Are you an INFJ that finds yourself questioning why you feel so different? Maybe you’ve read the description of the INFJ personality type and that’s made it a little easier for you to understand yourself. But…something’s not quite gelling. The typical run-down of INFJ personality traits includes sensitivity, empathy, introversion, creativity, a strong values orientation and organization as some of your top strengths. But what about the other traits you observe in yourself?
When you’re wholeheartedly focused on the emotions, wellbeing and needs of others, keeping relationships healthy takes special skill. In Myers-Briggs personality typing, this way of approaching relationships is called extraverted Feeling, a mental function that is focused on others and is defined by the desire to connect with others with empathy and consideration.
‘Twas the night before Christmas, when feelings of holiday cheer and terrible anxiety flooded the Judger. The holiday season is the most wonderful time of the year — for the most part. But as an INFJ—one of the eight Judging types in Myers Briggs typology—my Judging component often gets tested come November and December.
INFJs are sensitive, compassionate Introverts who value quiet time to themselves. But these thoughtful folks also care deeply about people and long for meaningful relationships with someone who shares their passion for in-depth conversations. So why is it so hard for these caring personalities to actually find those meaningful INFJ relationships?
Creative idealist personality types INFJ, ENFP, INFP, and ENFJ are vulnerable to life’s disappointments like any other person. Highly idealistic and with strongly developed Intuitive and Feeling traits, it’s natural for us to resolve those disappointments by using our mental and emotional resources.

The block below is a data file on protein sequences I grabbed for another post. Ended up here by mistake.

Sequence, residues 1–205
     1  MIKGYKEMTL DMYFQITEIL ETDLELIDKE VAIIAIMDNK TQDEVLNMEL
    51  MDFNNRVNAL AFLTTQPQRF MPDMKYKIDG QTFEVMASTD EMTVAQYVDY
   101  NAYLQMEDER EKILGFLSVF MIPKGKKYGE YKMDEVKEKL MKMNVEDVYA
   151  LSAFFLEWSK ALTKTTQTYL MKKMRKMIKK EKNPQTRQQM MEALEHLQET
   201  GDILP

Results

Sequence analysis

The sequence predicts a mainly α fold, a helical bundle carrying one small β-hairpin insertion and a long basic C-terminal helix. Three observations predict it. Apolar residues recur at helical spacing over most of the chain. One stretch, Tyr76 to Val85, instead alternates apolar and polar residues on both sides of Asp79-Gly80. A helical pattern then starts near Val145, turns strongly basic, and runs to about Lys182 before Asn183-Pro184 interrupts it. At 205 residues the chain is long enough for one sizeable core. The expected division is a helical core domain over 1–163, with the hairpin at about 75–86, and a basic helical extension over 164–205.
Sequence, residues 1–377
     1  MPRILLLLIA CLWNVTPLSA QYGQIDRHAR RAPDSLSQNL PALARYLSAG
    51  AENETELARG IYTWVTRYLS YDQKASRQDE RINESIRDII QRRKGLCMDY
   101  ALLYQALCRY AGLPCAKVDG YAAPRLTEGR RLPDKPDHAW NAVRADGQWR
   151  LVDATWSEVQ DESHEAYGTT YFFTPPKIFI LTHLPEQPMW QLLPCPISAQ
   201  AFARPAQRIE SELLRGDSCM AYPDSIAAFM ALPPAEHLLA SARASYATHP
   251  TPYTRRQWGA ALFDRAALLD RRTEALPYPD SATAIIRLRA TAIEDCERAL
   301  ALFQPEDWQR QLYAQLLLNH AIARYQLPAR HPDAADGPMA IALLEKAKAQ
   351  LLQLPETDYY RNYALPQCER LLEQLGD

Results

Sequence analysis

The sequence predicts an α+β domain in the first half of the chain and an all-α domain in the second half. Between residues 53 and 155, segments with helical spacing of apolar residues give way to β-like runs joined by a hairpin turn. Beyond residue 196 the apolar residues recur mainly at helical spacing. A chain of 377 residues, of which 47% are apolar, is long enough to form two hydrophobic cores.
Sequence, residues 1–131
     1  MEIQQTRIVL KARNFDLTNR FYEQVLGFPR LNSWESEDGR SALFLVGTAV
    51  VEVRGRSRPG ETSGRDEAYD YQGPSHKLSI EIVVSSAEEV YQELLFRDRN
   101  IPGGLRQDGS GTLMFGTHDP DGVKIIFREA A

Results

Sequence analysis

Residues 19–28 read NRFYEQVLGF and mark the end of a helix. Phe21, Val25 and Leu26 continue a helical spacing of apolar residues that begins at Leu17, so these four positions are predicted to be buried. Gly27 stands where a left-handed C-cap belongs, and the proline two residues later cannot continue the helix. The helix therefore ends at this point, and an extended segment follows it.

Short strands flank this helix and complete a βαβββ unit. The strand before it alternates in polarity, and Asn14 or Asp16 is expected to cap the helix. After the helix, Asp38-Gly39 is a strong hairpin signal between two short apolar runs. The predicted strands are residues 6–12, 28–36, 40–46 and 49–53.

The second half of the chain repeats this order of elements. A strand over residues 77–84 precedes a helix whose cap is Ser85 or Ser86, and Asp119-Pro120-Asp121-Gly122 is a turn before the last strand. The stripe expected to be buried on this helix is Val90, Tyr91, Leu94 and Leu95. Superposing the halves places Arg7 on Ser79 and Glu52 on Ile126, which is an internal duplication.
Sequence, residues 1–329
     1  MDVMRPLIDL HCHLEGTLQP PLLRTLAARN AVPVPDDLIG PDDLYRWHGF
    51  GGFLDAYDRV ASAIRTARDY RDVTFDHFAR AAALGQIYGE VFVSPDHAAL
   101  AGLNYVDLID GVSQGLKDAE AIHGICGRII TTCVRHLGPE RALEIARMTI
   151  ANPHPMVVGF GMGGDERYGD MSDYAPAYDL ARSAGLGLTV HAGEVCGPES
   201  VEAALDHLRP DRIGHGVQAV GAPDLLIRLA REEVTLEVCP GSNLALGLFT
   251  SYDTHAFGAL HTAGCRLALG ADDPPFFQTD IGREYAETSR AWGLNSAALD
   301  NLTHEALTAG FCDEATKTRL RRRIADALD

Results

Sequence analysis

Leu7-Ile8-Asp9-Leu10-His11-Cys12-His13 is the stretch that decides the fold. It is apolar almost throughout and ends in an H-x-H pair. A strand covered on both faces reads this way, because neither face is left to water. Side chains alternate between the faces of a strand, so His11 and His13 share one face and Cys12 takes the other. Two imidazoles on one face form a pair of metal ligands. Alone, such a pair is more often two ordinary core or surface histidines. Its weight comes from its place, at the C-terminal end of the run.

As an Introvert, do you find it challenging to share your ideas or thoughts with your boss or team? Have you ever wished that there was an app or guide to help Introverts navigate a relationship with an extraverted boss?
There’s an ebb and flow to navigating a relationship with your boss. However, work has the potential to become more complicated when the boss has an opposite style from yours.
I learned this the hard way.
Throughout the centuries, humans have found solace in the outdoors. Nature has inspired the works of great artists and writers, such as Keats, Millais, and Turner. These artists saw in nature what we still see today—a safe haven and an opportunity to escape the chaos of the city.
But what is it about nature that makes us feel good—whether we’re Introverts or Extraverts?
INFJs are intuitive, sensitive, thoughtful, compassionate, and quiet. But we are also known as types that like organization and prefer to plan things out, rather than jump on an impulse. However, the INFJ has a strong intuitive side, and the idealist at heart can bring about spontaneous adventures based solely upon a feeling and an idea. While the nine-to-five job can be a good option for the INFJ, there are also many that prefer to have a profession outside of the typical working format.
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